But there is also that issue of cannabis being like wine in the same way that wine is like carrots. Yes, they both grow in the ground, but they are two entirely different products. While there is certainly a segment of wine drinkers who drink wine for the buzz, it is entirely possible for someone to consume wine with no intent to get drunk and to succeed in staying straight while still appreciating the way wine tastes, while still appreciating how wine accompanies food, and while still indulging in the connoisseurship of wine. This happens all the time.

Outside of the medical uses of cannabis, there is no other reason to consume it other than to get high. This difference between weed and wine creates an entirely different culture surrounding the two products. As Claudio Miranda of Guild Enterprises noted at the Wine and Weed Symposium, one difference between the two products is that wine is never promoted by touting its ability to bring on inebriation nor by the types of inebriation it induces. Cannabis, on the other hand, is promoted almost exclusively in this manner.

Finally—and I’ve said this before but it is worth repeating—cannabis is most definitely going to impact the sales of wine. There will be a certain number of people who drink a couple of glasses of wine at night or with dinner to take the edge off who will switch to pot. Some will simply drink less wine. Others will stop drinking wine altogether. This will negatively impact the sales growth of wine and anyone who is saying otherwise is either in the cannabis industry and wishes to engage the help of the wine industry to normalize their product or they simply aren’t thinking straight.

This recent article in High Times outlines the reality of how cannabis legalization will impact alcohol sales. This article in Forbes reports on an estimated $2 Billion loss of beer sales. There is no reason to believe wine is so special in some way that it won’t also be impacted.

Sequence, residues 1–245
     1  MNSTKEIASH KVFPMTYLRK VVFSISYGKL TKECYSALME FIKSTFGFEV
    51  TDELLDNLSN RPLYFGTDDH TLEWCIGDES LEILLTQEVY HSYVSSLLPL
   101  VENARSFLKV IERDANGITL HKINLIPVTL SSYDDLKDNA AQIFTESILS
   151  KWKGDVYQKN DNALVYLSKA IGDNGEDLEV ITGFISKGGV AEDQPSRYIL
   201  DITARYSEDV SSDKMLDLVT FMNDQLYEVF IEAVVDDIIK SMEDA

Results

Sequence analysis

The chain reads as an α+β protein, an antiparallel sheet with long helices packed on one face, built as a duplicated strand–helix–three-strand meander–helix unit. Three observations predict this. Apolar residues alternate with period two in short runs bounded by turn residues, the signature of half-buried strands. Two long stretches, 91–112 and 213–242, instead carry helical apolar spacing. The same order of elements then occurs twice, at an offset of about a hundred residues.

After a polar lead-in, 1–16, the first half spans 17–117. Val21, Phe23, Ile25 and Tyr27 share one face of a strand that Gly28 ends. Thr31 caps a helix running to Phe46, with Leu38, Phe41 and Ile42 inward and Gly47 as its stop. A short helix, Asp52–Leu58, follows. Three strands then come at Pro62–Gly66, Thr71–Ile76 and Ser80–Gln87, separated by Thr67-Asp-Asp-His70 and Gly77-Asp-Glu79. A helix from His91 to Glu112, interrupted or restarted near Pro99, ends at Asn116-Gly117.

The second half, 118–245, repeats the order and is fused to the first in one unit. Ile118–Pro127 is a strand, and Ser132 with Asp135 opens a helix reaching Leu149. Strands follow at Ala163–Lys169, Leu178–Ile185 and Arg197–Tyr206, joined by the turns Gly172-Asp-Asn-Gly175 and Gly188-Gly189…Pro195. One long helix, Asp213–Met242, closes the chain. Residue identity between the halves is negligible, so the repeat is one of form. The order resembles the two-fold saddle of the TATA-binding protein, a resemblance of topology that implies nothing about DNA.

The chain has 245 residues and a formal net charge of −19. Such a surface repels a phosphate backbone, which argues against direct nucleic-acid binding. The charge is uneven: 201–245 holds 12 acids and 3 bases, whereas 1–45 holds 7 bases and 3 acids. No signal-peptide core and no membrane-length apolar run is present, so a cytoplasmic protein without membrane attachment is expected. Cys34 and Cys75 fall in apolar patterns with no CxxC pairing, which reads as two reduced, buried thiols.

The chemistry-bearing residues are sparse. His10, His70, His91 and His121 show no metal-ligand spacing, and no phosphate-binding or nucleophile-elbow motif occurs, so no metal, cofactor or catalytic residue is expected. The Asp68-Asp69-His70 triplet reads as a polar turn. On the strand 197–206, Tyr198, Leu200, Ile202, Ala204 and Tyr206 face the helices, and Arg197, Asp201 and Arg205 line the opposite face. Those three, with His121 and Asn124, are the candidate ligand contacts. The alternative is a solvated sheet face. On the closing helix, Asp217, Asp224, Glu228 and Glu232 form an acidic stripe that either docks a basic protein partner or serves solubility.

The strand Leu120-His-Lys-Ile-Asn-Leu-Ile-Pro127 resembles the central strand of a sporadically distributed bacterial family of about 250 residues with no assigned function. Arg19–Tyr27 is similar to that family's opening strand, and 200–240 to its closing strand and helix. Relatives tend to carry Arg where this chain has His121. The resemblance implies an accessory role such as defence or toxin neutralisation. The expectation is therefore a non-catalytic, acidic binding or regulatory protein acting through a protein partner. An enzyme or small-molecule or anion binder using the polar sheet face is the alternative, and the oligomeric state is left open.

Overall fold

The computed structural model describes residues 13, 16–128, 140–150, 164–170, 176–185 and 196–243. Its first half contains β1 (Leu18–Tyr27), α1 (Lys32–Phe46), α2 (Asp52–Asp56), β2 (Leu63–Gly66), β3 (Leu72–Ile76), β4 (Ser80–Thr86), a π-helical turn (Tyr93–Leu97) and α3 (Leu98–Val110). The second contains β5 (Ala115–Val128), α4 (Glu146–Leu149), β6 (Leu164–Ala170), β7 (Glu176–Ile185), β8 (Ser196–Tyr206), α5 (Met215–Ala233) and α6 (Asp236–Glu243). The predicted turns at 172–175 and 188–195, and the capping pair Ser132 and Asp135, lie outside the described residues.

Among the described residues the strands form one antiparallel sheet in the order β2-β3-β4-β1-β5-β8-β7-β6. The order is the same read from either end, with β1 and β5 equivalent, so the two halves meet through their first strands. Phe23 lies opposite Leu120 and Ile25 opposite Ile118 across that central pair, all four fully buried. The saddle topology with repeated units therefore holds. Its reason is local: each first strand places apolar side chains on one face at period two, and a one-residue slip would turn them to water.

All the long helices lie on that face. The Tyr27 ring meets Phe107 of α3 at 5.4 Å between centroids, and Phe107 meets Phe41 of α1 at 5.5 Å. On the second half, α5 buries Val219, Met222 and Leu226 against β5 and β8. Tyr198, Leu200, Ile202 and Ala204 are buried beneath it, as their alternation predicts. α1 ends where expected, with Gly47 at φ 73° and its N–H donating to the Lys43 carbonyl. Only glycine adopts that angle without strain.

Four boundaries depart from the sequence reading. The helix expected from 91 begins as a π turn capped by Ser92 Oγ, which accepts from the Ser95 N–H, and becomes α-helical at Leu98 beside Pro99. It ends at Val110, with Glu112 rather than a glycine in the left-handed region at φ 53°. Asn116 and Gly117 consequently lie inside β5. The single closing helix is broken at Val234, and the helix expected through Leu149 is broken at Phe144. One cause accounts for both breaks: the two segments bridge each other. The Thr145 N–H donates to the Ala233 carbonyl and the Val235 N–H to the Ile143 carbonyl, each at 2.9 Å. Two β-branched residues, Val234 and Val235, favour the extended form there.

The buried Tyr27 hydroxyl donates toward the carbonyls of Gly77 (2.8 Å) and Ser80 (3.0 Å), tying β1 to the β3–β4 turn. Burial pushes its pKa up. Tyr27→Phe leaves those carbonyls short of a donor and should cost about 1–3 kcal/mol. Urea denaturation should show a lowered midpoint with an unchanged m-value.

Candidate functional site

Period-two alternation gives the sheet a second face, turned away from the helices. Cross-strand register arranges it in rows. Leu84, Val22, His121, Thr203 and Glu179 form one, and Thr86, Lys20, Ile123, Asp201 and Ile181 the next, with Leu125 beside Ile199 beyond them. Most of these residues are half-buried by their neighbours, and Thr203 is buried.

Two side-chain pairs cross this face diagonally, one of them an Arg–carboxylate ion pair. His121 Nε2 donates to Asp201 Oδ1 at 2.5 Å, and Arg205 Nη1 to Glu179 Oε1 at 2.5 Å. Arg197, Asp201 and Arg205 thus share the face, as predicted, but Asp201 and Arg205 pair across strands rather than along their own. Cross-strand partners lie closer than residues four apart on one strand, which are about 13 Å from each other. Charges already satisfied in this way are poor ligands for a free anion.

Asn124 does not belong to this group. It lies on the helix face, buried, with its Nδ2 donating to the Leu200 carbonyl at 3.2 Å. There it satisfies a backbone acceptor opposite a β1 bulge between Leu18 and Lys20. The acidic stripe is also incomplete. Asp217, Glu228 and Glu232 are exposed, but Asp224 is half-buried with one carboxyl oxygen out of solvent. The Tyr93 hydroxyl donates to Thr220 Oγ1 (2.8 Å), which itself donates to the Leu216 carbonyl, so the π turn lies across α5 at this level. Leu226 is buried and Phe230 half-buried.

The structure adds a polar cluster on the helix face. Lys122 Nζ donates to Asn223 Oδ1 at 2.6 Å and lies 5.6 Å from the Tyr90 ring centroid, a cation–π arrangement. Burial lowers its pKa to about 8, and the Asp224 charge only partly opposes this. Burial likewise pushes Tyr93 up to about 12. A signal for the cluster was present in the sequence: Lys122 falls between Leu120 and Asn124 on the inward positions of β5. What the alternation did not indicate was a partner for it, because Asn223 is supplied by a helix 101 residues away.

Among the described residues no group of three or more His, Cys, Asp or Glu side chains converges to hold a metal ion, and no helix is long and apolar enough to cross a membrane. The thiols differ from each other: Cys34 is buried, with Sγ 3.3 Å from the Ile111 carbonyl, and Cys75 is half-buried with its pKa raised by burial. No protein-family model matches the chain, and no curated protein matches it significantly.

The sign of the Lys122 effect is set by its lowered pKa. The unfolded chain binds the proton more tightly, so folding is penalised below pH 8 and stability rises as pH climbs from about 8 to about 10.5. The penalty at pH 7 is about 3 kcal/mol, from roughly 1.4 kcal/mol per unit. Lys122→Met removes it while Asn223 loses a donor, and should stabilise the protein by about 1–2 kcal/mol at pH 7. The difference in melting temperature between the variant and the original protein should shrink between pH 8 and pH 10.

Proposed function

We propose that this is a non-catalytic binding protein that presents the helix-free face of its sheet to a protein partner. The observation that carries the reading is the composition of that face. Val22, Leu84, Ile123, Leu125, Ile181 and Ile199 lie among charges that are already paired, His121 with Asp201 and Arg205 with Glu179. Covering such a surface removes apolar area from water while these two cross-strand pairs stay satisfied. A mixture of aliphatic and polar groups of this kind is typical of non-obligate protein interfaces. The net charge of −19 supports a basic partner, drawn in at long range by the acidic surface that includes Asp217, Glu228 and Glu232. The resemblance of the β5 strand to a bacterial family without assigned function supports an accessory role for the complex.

I’m a fan of cannabis legalization. There are too many good reasons to get high and pot is extraordinarily good at getting you there. It delivers significant medical benefits. And it will produce significant tax revenue that will benefit everyone in states where it is legal and taxed.

I’m grateful to the folks over at Wine Industry Network for putting on the Wine & Weed Symposium. Not only was it a great event that offered tremendous information on this new legal industry, it also solidified my belief that cannabis legalization is not good for the wine industry and that the wine industry as a whole has very little if anything at all to gain by cooperating with the cannabis industry.

 

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5 Responses

  1. Gabriel Froymovich - August 4, 2017

    Tom,

    As you know, you and I disagree on whether we wine folks will lose noticeable market share to pot. But, I don’t think that we will collaborate with pot growers MORE than we will compete. Of course we will compete more, even if we get along very well and cooperate often. However, I did want to note that there is an additional benefit for wine growers when cannabis is legalized. We get a new, possible income source. We can plant pot on land that we don’t have other uses for. We can use it to smooth out our cyclical revenue flows. We can use it to occupy our vineyard workers during traditional down times in the season. And the fact that many pot operations will close up shop after legalization gives some measure of hope that legalization will not further tighten the ag labor market.